“We are in possession of what I think to be compelling evidence that Saddam Hussein has, and has had for a number of years, a developing capacity for the production and storage of weapons of mass destruction. “[W]ithout question, we need to disarm Saddam Hussein. He is a brutal, murderous dictator, leading an oppressive regime … He presents a particularly grievous threat because he is so consistently prone to miscalculation. And now he has continued deceit and his consistent grasp for weapons of mass destruction … So the threat of Saddam Hussein with weapons of mass destruction is real …
    Sen. John F. Kerry (D, MA), Jan. 23. 2003.

    NOW THE DEMOCRATS SAY PRESIDENT BUSH LIED, THAT THERE NEVER WERE ANY WMD’S AND HE TOOK US TO WAR FOR HIS OIL BUDDIES??? Right!!!

  12. The things you write above may be true, but the most unique thing about this Administration’s defense of itself and its defenders is that they will not defend what Bush, Cheney, Gonzales, etc. have done as right and proper.

    Instead they point at someone, perhaps Bill Clinton, perhaps another person depending on how or where they messed things up, and they say “look, look over there, he’s worse, or she did even worse than us.”

    I don’t think saying somebody is worse is a good defense. I don’t want somebody who is merely not worse than someone else. I want someone who does things right.

    Even if there wasn’t a huge deployment of troops fighting whoever in Iraq’s Civil War, even if they all loved each other now, this Administration has messed up in sphere after sphere, and the land and wildlife issues are what make most people here angry at them.

    Robert, this just came in today . . . yet another example. Decisions on species to be reviewed. Methods of Interior official who resigned in question. Seattle Post-Intelligencer.

  13. avatar JEFF E says:

    Robert Wiley,
    While I am sure that all of your quotes are accurate and just as many if not more can be googled from the other side of the isle what you did not include is that the vast majority of the technology and actual materials used by Saddam, most notably the biological, was supplied by us and most by President Reagan’s administration with Rumsfeld as the point man.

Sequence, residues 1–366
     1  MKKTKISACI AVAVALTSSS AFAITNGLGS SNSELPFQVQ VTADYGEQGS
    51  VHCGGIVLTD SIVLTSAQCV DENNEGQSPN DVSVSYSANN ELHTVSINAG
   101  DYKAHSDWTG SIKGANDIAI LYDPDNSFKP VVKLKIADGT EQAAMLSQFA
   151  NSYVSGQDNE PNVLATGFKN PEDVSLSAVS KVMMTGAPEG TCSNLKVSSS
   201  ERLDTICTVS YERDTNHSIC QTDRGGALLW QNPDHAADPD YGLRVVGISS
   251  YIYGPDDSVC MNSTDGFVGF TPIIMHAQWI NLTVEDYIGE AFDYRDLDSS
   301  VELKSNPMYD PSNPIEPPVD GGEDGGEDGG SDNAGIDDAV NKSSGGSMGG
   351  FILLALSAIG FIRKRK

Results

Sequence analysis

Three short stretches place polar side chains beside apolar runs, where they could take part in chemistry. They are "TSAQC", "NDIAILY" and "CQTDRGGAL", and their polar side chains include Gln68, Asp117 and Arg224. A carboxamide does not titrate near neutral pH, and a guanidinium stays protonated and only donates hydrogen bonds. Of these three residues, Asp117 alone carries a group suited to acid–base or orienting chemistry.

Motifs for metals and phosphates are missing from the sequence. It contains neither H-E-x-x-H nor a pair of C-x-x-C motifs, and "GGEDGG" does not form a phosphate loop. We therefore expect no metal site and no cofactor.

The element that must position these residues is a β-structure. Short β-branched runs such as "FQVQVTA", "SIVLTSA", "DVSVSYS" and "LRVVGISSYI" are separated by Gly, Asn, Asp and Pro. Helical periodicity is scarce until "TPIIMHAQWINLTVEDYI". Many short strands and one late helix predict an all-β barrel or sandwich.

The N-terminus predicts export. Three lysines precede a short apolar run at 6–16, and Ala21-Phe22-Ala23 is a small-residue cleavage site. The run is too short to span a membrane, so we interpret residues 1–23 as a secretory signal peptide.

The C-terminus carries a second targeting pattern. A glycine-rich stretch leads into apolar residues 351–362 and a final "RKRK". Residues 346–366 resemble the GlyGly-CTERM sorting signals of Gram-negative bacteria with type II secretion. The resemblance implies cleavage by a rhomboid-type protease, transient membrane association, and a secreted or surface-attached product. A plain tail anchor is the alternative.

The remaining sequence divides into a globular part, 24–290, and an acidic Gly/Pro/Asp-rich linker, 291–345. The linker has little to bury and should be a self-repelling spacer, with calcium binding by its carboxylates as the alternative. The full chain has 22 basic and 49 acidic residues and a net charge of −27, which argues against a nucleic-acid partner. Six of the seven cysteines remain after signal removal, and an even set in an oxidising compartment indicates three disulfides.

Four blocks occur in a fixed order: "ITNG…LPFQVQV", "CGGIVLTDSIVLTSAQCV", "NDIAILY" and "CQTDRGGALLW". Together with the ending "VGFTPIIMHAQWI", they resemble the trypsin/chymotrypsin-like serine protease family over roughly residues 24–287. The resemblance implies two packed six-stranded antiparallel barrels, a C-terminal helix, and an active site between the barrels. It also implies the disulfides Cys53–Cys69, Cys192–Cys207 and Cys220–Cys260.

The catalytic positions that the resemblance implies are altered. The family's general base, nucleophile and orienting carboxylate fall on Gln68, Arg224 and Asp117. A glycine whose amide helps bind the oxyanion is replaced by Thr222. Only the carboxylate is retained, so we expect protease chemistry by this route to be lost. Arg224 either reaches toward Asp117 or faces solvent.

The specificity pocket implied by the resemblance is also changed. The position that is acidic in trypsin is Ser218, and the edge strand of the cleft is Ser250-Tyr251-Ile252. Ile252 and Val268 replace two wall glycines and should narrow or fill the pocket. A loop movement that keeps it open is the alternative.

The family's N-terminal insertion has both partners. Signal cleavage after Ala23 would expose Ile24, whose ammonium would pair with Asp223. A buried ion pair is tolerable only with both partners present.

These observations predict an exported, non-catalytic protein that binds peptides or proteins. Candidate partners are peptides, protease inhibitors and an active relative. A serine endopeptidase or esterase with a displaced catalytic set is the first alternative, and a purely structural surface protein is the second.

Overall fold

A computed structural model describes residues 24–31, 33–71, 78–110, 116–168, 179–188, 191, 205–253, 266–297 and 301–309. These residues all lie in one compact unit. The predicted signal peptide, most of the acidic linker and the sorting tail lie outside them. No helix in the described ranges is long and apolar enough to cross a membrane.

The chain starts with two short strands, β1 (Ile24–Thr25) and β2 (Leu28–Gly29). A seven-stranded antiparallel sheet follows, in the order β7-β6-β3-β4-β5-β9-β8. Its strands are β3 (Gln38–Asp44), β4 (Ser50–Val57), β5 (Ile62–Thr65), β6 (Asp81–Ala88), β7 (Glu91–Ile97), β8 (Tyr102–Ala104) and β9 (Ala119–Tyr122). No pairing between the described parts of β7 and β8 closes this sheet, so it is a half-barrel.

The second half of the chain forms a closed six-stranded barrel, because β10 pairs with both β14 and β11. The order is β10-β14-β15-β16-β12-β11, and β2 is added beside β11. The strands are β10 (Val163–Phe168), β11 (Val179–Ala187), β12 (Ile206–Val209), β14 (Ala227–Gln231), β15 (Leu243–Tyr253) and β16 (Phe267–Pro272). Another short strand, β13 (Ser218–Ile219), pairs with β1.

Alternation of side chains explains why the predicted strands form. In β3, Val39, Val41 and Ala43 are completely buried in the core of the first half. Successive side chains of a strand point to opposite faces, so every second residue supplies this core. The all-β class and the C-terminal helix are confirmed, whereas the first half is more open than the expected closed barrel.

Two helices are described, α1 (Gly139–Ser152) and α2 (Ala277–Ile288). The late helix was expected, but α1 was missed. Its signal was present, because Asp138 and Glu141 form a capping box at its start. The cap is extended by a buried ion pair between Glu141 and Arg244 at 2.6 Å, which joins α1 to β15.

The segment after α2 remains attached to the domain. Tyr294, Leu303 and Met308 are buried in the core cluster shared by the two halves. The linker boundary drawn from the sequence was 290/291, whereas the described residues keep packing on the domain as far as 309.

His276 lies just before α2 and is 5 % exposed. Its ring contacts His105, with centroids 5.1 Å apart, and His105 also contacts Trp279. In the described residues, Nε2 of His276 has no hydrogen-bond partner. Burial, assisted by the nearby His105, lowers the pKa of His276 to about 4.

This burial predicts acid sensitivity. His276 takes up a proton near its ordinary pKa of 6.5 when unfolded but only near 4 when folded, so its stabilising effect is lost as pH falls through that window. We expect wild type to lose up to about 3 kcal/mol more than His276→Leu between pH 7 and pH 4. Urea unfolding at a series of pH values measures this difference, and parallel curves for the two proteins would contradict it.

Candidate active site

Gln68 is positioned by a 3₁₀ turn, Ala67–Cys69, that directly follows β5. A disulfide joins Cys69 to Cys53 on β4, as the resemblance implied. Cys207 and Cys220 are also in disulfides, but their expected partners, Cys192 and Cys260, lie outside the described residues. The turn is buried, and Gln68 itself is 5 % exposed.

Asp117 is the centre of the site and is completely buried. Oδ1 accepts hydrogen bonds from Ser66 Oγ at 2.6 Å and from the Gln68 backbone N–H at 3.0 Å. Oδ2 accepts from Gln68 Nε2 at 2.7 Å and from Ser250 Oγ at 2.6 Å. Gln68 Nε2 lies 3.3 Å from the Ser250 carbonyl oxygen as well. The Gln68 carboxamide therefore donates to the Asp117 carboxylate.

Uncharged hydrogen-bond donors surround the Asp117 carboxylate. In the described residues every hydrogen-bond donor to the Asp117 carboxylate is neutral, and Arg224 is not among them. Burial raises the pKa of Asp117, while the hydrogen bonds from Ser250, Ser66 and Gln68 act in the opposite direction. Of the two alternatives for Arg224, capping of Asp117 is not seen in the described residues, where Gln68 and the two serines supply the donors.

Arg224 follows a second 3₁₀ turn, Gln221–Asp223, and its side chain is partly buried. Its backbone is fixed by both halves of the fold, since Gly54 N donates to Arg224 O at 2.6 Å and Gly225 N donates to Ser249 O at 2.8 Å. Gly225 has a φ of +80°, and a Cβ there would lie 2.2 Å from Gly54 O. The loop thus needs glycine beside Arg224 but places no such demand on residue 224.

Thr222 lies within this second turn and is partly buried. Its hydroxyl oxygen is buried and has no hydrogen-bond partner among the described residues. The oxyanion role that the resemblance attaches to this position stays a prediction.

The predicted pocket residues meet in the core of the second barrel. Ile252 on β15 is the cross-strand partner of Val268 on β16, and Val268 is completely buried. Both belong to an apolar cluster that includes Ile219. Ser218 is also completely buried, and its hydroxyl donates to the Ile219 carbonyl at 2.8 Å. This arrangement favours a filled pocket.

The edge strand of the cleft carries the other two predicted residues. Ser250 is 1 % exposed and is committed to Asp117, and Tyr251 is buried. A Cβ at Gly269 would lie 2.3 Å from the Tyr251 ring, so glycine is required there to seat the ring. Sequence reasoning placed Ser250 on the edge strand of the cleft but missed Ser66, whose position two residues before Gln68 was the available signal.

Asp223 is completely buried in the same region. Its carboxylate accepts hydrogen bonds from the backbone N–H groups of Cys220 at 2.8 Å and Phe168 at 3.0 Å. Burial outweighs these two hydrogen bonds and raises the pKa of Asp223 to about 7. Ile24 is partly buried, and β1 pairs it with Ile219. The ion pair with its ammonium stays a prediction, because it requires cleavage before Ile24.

14. Ronald Reagan and George HW Bush built up Saddam as a nationalistic buffer state between the radical Shia regime in Iran and the Sunni Saudis to the south.

    Trouble was, Saddam had ambitions beyond being a buffer, and he invaded Kuwait in 1990.

    Now that Saddam is gone, what is the great problem if Iraq splits into three countries? Why send our men and women to war to prevent an independent Kurdistan and Sunni and Shiite nation-state to the south?

    Yes they will kill each other after American troops leave, just as they are doing now.

    Iraq was a creation of Great Britain way back when. It never built up much legitimacy, and loyalties remained primarily to tribe and religion.

    George W. Bush’s continued support of past failed policy makes he think he can’t grasp reality and/or he wants to pass the bloody mess off to the next President.

  15. avatar JEFF E says:

    How true,
    What is never mentioned is that Iraq was created by Great Britain after WWI and did not take into consideration any of the religious or tribal dynamics of the area. Then, much later, the U.S. ‘installed’ Saddam as dictator just as we have throughout the world (anyone remember Noriagia, or the Shah of Iran) and then , when it goes bad, it is always someone else’s fault.

  16. avatar Mike Wolf says:

    I agree, defending Bush by citing Clinton is old, tired, and still just as pointless as ever.